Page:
Academic Achievement: Student Attitudes, Social Influences and Gender Differences


Eugene Ortega (Editor)

Series: Education in a Competitive and Globalizing World
BISAC: EDU014000

In western countries there is a long tradition studying the academic performance of students. Today there is enough empirical evidence showing the link between social origin and educational performance. The first chapter of this book shows how the social class, socio-economic status of family and parents’ expectations about the academic development of their children influence in the educational performance. Chapter two focuses on the empirical literature regarding the relationship of the 65% instructional expenditure ratio, education production function, student achievement, and school district wealth. Chapter three dives into the aspects of executive functioning and its relation to academic achievement, as well as analyzes the connection between the academic achievement and the perception the children have of their own executive functioning. Chapter four analyzes in detail, in accordance with previous theoretical and empirical data, self-protective mechanisms, self-handicapping and defensive pessimism. Chapter five examines the interrelations between academic striving, effective functioning, personal resolve, and school experience of secondary school students. Chapter six examines the influence of shared and non-shared environmental influences on math-based reaction time/chronometric tasks, as well as their influence on the relationship between chronometric and standardized paper-and-pencil tasks. Chapter seven examines the historical framework underlying postsecondary education in the United States and in Texas, current issues of student attrition, retention, and college success, and ethnicity as it relates to student performance, attrition, and persistence. Chapter eight discusses the role of executive functions on academic performance in Mexican at-risk adolescents. Chapter nine analyzes Hispanic student achievement in reading and mathematics as a function of grade span configuration. The final chapter is an overview of the transformation in education through ubiquitous access to the digital universe.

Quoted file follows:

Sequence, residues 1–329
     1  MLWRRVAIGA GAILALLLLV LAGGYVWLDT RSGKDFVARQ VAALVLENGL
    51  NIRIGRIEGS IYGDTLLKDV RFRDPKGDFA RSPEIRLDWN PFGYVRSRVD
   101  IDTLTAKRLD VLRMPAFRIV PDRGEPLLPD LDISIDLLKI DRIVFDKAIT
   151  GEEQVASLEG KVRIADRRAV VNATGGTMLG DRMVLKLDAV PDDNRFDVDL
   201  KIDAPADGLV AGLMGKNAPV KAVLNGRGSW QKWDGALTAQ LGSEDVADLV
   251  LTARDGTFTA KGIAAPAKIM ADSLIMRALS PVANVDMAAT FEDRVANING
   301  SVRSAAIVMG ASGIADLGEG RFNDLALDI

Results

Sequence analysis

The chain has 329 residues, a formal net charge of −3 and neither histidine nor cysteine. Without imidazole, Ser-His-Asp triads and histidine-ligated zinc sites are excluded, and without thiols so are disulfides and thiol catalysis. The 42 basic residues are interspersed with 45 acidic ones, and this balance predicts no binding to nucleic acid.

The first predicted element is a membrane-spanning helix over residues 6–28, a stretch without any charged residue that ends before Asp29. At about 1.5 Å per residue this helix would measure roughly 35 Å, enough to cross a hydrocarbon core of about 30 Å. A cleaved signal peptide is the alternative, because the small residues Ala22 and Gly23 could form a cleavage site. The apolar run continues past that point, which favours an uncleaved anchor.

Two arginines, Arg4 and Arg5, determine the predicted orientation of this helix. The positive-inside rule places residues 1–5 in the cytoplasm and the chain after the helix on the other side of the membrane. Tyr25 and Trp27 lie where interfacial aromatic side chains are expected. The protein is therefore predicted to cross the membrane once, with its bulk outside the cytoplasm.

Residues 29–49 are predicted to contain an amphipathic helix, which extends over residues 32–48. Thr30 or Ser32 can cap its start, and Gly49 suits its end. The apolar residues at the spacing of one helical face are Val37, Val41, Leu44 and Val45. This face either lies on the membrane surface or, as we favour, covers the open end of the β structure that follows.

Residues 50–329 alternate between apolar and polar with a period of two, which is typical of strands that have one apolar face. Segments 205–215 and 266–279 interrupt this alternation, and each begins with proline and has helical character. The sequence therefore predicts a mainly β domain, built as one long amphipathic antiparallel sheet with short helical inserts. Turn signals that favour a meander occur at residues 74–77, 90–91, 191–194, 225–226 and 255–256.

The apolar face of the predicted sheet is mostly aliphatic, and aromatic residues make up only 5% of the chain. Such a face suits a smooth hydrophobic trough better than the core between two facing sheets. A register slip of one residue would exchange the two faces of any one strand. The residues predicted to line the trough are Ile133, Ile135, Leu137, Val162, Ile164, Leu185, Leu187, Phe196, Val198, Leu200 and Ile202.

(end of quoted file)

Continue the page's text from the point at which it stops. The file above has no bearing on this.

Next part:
(Imprint: Nova)

Table of Contents

Table of Contents

pp. vii-x

Chapter 1
Social Class, Family, Gender and Educational Performance
(Leopoldo Cabrera, Moisés Betancort, Carmen Pérez, La Laguna University, La Laguna, Spain)
pp. 1-40

Chapter 2
Education Dollars and Student Achievement: An Analysis of the Literature
(Maureen Cullen, John R. Slate, Barbara Polnick and Rebecca Robles-Pina, Sam Houston State University, Huntsville, TX, USA)
pp. 41-68

Chapter 3
Academic Achievement and its Relation with Objective and Subjective Executive Functioning
(Inmaculada Navarro and Domingo García-Villamisar, Public School, Francisco Giner de los Ríos, Albacete, Spain, and others)
pp. 69-84

Chapter 4
Self-Worth Protection in Academic Contexts: Self-Handicapping and Defensive Pessimism
(María del Mar Ferradás, Carlos Freire, Bibiana Regueiro, José Carlos Núñez and Antonio Valle, Universidade da Coruña, Spain, and others)
pp. 85-112

Chapter 5
Longitudinal Examination of Personal Well-Being: Validating Newly Developed Concepts
(Huy P. Phan, The University of New England, Armidale, Australia)
pp. 113-130

Chapter 6
Environmental Influence on Math Reaction Time: A Sibling Study
(Chelsea E. Foong, A. Alexander Beaujean, Craig L. Frisby, and Andrew J. Knoop, Baylor University, TX, USA, and others)
pp. 131-150

Chapter 7
Success in Higher Education: A Conceptual Analysis
(Jessica M. Payne, John R. Slate and Wally Barnes, Sam Houston State University, Huntsville, TX, USA)
pp. 151-172

Chapter 8
Academic Performance in Mexican At-Risk Adolescents: The Role of Executive Functions
(Nadia Saraí Corral-Frías, and José Concepción Gaxiola-Romero, University of Sonora, Department of Psychology, Sonora, México)
pp. 173-188

Chapter 9
Academic Achievement of Hispanic Students as a Function of Grade Span Configuration
(M. Chad Jones, John R. Slate and George W. Moore, Sam Houston State University, Huntsville, TX, USA)
pp. 189-196

Chapter 10
Transforming Education through Ubiquitous Access to the Digital Universe
(Julie A. Barrett, George W. Moore and John R. Slate, Sam Houston State University, Huntsville, TX, USA)
pp. 197-208

pp. 209-221

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